It is odd that a respected MPs’ committee has today claimed that badger culling will help curb TB in cattle. The Environment, Food and Rural Affairs Committee says in its report on the role of badgers in transmitting bovine TB, that farmers could be allowed to kill badgers so long as their action meets several conditions. The Committee refers frequently to the need for agreement to a cull from the scientists forming the government-appointed Independent Scientific Group (ISG) who have spent so much time studying possible links between badgers and bovine TB. But they ignore the conclusions of those scientists, published in June 2007, that ‘badger culling can make no meaningful contribution to cattle TB control in Britain’ and that ‘the rising incidence of disease can be reversed, and geographical spread constrained, by the rigid application of cattle-based control measures alone’. The RSPB grazes cattle on many of its nature reserves to stop vegetation becoming too dense for wildlife so we sympathise with farmers whose herds have been infected. But there is still no proof that culling badgers would have stopped those infections or that it will prevent outbreaks in future. Because of that, we will not voluntarily allow badger culling on our land. The ISG says small-scale culling could cause bovine TB to spread while eliminating badgers over a larger area would be both costly and difficult. A widespread cull could also seriously reduce badger numbers, putting at risk their conservation status. The MPs admit in their report that culling badgers alone will not eradicate bovine TB. They are right. Vaccines for badgers and cattle must be developed rapidly to properly tackle the disease. More cattle testing and preventative measures on farms are also important. It is crucial that money is not wasted on other, flawed, means of disease control.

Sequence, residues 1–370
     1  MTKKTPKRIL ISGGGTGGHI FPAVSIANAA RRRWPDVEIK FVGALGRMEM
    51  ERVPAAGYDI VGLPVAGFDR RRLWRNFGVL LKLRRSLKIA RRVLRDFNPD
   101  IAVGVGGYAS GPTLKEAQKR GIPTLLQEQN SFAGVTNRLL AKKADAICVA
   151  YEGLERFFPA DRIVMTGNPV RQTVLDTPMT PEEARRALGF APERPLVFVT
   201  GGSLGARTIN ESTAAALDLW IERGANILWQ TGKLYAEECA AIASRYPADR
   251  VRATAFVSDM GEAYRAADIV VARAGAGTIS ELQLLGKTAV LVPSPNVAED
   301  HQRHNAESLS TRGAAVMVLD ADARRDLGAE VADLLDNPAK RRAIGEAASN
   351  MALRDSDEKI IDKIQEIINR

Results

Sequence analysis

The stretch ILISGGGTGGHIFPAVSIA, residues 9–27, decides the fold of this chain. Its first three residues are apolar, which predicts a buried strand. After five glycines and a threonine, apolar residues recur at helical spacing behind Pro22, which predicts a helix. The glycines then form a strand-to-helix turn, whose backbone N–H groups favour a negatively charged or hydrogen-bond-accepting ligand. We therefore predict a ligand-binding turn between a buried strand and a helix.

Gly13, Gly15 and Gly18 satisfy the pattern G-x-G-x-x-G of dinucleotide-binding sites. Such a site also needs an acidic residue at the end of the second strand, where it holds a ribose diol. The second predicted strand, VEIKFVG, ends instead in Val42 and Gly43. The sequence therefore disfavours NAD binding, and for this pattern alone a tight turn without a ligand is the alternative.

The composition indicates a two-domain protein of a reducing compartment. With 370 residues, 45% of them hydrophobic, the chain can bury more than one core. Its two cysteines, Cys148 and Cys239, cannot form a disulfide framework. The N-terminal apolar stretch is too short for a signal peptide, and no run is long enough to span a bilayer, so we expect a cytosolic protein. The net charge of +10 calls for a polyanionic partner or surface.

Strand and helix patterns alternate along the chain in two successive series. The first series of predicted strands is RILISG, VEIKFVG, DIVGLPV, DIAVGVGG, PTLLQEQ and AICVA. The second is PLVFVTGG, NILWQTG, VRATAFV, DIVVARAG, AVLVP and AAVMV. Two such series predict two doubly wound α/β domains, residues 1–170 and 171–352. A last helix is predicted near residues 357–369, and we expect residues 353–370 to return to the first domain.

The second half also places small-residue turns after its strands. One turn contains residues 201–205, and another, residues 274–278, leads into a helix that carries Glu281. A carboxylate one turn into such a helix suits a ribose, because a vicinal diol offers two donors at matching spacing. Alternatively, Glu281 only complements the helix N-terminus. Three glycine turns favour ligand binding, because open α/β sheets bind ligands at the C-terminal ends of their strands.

This morning came news that managers are regularly working an average of 1.25 hours extra each day, just for the love of it.
If that is true, how can it be that so few senior executives have taken time to recognise the seriousness of climate change and how it will affect their businesses?
The Financial Times reports that a survey for the accountants KPMG found that those in charge have rarely put in place plans to deal with climate change. Few knew of the government’s target of cutting greenhouse gas emissions by 60 per cent by 2050. Presumably, fewer still realise that that figure should be 80 per cent if temperature rise this century is to be kept in reasonable check.
Governments should take the lead in initiating measures and taking action on climate change but business, especially the corporations for which the UK is a major base, must follow close behind.
Charities like the RSPB, WWF and Friends of the Earth can do their campaigning bit but that is small fry compared to the multinational muscle of companies like Shell, Barclays and Volkswagen.
Several times recently firms like these have called on politicians to take the lead, give them a framework within which to cut their emissions while maintaining and increasing their profits.
It will take a great deal of action to make any sort of dent in these companies' shareholder incomes. Excuses won’t do. Shareholders have grandchildren too.
Click here for the FT's KPMG report
And here for how we can cut greenhouse gas emissions
In his speech in Brussels on Thursday evening Environment Commissioner Stavros Dimas also said: 'We have very important targets to achieve for renewable energies but we need to be very careful about how and where they are developed. We need to make sure that when promoting biofuels we are not encouraging the destruction of habitats.'
How refreshing to find a politician understanding the issues so clearly and describing them so well.
Biofuels produce low carbon savings, exacerbate world hunger through removing land from food production and accelerate biodiversity loss through habitat destruction.
To be fair, many of us, including the RSPB, were a bit slow to realise the full impacts of biofuels so politicians, perhaps, cannot be blamed for being slow on the uptake too.
But where they can be blamed, and will be blamed, is when having realised the error of their previous views they remain inactive in changing damaging and discredited policies in future.
Anyone can be wrong – but those who remain inactive once they have realised their previous error are indeed culpable. When will UK politicians act decisively on this global issue?